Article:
U.S. stocks are at all-time highs and the Pokemon craze is in full hysteria.
Shares of Nintendo Co. Ltd. went gangbusters on Monday, rising 24 percent in Japan, amid the surprisingly successful launch of Pokemon Go, an augmented reality game that’s allowed millennials to relive a version of their childhood they never could have dreamed of. A company called 4Kids Entertainment Inc. was responsible for dubbing the Japanese cartoon into English, and also served as a licensing agent for Pokemon-related products.
A new smartphone game that has fans chasing virtual monsters through real-life city streets has boosted the market value of Nintendo Co. by $9 billion in just a few days, as investors cheered the Japanese videogame maker’s first mobile-gaming hit.
The game has been available for devices running Apple Inc.’s iOS and Google’s Android in the U.S., Australia and New Zealand since Wednesday. In the U.S., it has racked up more than two million downloads on iOS devices and is generating roughly $1.6 million in revenue daily from in-app purchases, according to market researcher Sensor Tower Inc.
Nintendo shares surged 25% in Tokyo on Monday—a welcome relief for the company after the unsteady launch of its first mobile app, Miitomo, in March. Much attention has swirled around games potentially involving Nintendo’s signature characters such as Mario. Instead, the company’s first hit stems from its partnership with the companies that developed “Pokémon Go”: Pokémon Co., which is 32%-owned by Nintendo, and Niantic Inc., a spinout from Google parent Alphabet Inc.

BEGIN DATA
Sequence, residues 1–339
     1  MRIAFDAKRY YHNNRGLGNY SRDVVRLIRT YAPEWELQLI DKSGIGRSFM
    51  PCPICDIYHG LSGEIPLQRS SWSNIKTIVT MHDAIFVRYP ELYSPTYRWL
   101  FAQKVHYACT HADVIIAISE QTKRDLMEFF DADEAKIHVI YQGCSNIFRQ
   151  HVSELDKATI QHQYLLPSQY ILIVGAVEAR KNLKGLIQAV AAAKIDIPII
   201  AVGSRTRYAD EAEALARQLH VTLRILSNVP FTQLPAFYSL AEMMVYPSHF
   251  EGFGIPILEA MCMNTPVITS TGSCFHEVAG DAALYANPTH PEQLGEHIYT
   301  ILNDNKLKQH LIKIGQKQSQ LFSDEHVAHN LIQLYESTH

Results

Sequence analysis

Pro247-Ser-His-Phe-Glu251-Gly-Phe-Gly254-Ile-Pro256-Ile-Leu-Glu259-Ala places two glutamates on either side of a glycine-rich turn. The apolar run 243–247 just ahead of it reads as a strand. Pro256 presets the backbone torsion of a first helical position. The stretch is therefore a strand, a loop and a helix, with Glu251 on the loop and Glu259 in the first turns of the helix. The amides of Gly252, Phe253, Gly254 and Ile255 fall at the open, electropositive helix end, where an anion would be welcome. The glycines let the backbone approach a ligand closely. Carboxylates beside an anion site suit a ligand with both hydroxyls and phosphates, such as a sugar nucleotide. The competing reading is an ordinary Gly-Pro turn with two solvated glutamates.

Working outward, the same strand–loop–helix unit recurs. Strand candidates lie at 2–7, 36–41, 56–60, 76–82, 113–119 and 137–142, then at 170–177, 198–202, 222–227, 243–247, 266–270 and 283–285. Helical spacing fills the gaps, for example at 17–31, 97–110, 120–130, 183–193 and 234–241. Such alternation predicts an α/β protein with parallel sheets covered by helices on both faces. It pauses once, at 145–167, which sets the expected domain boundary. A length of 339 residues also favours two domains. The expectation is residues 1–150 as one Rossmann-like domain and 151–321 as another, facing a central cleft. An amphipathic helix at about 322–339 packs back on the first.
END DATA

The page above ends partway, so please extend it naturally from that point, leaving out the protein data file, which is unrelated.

“Pokémon Go” benefited from media coverage after an announcement last fall the game was under development. A video trailer and press release came out the day before the game launched last week. “We hoped people would be organically excited about it because it’s a new kind of experience and that turned out to be the case, even more than we expected,” Niantic Chief Executive John Hanke said.
Sudden crazes are nothing new for Nintendo: It had a breakout success with its amiibo figurines after they launched November 2014. “Pokémon Go,” however, could provide the company with a new, lucrative way into users’ wallets: recurring revenue from in-app purchases. The game, while free to download, sells add-ons such as “pokeballs” costing $1 and more that help catch the animated creatures.
The companies’ next steps will be figuring out how to capitalize on the game’s success. This month, Nintendo plans to release an optional $35 portable device called Pokémon Go Plus designed to help game players capture the “pocket monsters” without needing to pull out a smartphone.